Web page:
When Milo was 5 we had him assessed by a child psychologist. It took several hours over many days. Milo didn’t complain, it felt to him like play. He enjoyed the puzzles and word games. When the results were in, my husband and I sat down in the psychologist’s office. He gave us the diagnosis of Sensory Integration Disorder, and explained the various levels of anger and frustration management, and other benchmarks that Milo hadn’t hit.
“As part of this kind of comprehensive assessment, we gave him a standard IQ test.”
My husband asked, “And?”
“Well, he’s extremely bright. Do you want to know the number?”
Simultaneously, my husband said, “Yes, please,” and I said, “No, thank you.” And then I said, “Okay, he has a number, you know it and my husband wants to hear it, so go ahead.”
The man said the number. And again, simultaneously my husband’s head relaxed backwards and he let out a sigh of happy relief, while my head collapsed into my hands and I muttered, “Oh fuck.”
I have never known intelligence to correlate with happiness. Or stability or even with success.
That might be because I was raised with some privilege. I went to an expensive private high school where a substantial number of graduates went on to the ivy league. I went to a private college famous for its eccentric geniuses. And I got an MFA with writers now in possession of literary awards and Guggenheim fellowships. Witty? Yes. Charismatic? Yes? Accomplished, engaging, successful, prolific. . .but happy? Not so much.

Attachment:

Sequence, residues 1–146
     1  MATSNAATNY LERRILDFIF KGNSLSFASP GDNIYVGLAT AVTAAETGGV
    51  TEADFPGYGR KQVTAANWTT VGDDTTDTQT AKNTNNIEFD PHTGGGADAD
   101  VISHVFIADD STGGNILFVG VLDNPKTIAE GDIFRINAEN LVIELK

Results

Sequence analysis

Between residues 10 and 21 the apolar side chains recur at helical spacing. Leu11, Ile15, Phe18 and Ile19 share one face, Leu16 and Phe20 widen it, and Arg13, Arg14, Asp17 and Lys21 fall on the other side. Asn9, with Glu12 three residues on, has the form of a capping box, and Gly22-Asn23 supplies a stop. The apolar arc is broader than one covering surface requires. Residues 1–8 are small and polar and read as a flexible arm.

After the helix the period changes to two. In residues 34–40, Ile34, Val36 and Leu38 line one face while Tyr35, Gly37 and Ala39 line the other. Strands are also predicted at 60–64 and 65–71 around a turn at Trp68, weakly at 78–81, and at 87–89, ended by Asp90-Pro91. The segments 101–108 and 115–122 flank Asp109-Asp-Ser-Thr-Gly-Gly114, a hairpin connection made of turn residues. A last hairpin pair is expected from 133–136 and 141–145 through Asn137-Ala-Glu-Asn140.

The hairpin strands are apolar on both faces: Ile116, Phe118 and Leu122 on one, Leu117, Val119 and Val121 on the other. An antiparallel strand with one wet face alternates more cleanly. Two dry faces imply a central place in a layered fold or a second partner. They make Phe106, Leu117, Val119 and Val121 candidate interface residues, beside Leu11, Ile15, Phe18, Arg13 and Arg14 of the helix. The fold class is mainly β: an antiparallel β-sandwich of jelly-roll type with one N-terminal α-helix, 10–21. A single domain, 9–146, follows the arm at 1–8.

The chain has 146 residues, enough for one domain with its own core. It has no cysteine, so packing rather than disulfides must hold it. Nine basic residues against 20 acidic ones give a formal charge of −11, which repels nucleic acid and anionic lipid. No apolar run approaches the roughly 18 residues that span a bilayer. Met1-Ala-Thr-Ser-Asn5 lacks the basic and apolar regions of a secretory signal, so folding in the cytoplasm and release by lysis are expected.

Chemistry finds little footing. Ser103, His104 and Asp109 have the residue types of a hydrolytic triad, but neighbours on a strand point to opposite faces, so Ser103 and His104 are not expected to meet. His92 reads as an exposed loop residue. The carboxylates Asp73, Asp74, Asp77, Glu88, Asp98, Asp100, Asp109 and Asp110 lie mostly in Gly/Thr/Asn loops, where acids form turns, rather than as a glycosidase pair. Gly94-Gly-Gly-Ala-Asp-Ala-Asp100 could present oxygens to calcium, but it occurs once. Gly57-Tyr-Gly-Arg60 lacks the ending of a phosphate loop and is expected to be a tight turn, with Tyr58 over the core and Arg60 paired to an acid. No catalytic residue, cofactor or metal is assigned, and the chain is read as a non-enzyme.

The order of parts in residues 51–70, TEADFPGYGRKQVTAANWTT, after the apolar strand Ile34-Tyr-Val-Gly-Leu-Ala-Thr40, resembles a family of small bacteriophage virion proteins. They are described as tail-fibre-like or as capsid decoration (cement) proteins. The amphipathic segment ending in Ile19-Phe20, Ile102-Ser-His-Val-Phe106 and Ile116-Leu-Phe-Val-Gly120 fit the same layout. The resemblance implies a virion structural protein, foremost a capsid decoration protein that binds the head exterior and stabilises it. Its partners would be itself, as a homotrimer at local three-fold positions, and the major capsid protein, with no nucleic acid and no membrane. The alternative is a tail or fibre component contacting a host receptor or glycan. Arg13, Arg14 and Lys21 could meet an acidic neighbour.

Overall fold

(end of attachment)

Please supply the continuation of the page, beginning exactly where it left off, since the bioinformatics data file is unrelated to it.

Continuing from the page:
My husband grew up in the first generation in his family to go to college. Intelligence — gifted programs, high test scores, science fair ribbons — this was the most dignified and esteemed way out of a soul crushing job and into a world of possibilities.
When my husband thinks that my daughter is paying too much attention to the culture of beauty, he gives her a pep talk about all the things he’d rather her be than pretty, and he always, ALWAYS starts with smart. I start with compassionate. Or generous.
Milo’s personality consistently impedes his academic performance. For a smart kid, he only does okay in school. My daughter does better. I once told Milo’s 3rd grade teacher that she ought to go easier on herself, and not worry about how much Milo is learning.
“Do you think Milo will finish 3rd grade knowing what he needs to know?”
“Yes, of course.”
“I get that good teachers can’t bear NOT to teach, but, if you could ignore him a little more, he’d give you a little less trouble in terms of behavior.”
Milo can’t bear to be corrected, even by the most subtle and caring corrector. The combination of his low self esteem and his perfectionism make taking instruction excruciating for him and a minefield for the teacher, coach, parent or therapist offering the lesson.
Milo reads for pleasure. He is intellectually curious. He has spent the summer trying to make the better paper airplane, design the perfect crime scene, bake a marshmallow muffin, tell a joke that makes people laugh, dive off the high board. School starts in just over 2 weeks. I met with the principal at Milo’s school about his teacher, the other kids in his class, their parents, his EC, his IEP, his IA and passing the EOGs. I’m not anxious about this alphabet soup, but he is. School is completely fraught for him because it’s hard. The work is hard, the play is hard, the requirements of civilization are hard for Milo.
Milo knows he’s smart. He knows. But it’s never made him happy.